Just a thought for this month; likely more in a later note.
When interest rates rise, how quickly will that tamp down on the market?
Gas prices in Charlottesville are about $2.80/gallon, up from just over $2 a few months ago; I certainly think about that when I get gas. There is a big difference between 3.5% and 2.5%. Even though anything under 5% is historically fantastic, the psychological impact will be very, very real.
After I wrote this, I read this: Households Priced out by Higher Interest Rates
On 25 February, I moved my email from Google Apps to Hey. Hey was created by the people who run Basecamp, which I’ve used for about a decade. I like it because it’s done by people I can talk to, if I need to. And they do Basecamp, which I’ve used for a decade.
It’s private, it’s different, it’s more functional so far, and it’s been a good shift.
On Email Privacy. “Email should be private, and most people assume, incorrectly, that it is.”
Moving From Gmail to Hey.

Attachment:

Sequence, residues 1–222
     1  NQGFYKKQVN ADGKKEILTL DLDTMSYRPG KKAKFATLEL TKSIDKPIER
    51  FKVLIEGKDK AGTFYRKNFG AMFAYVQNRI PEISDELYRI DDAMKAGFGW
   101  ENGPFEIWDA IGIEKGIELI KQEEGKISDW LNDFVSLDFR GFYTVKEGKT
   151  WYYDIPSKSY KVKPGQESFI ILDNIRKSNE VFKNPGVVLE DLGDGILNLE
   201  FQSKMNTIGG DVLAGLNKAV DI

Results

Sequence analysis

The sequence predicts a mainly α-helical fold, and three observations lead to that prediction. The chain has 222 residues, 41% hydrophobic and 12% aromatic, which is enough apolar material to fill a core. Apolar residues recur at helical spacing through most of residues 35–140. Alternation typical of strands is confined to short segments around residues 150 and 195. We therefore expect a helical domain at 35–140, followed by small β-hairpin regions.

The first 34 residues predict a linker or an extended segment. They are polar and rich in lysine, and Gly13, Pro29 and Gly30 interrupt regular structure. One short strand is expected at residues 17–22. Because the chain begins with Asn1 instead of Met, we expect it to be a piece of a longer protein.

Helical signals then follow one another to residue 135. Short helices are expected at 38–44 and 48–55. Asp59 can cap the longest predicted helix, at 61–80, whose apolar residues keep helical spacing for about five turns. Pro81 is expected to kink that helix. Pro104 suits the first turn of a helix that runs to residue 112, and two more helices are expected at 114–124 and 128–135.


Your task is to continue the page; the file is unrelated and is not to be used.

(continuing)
What I’m Reading
Real estate market continuing to boom, spurring buyer frustration; apparently my comment about making long term life decisions caused some consternation amongst some agents. Meh. Good Realtors are client advocates, not salespeople.
What I’m Listening
Jamelle Bouie Has Seen the Future of Transportation (it’s an e-bike)
Making contingent offers in this market
One of the #1 most important parts of an offer to “win” the offer
Coming soons in-house
A breath in the market and bidding wars
Working when you don’t - My wife was recently telling someone who had no clue what I do that I work when my clients don’t. It’s one thing to tell my clients that, and another to hear my wife say it.
Jim Duncan, Nest Realty, 126 Garrett Street Suite D, Charlottesville, VA 22902. Licensed real estate agent in Commonwealth of VA.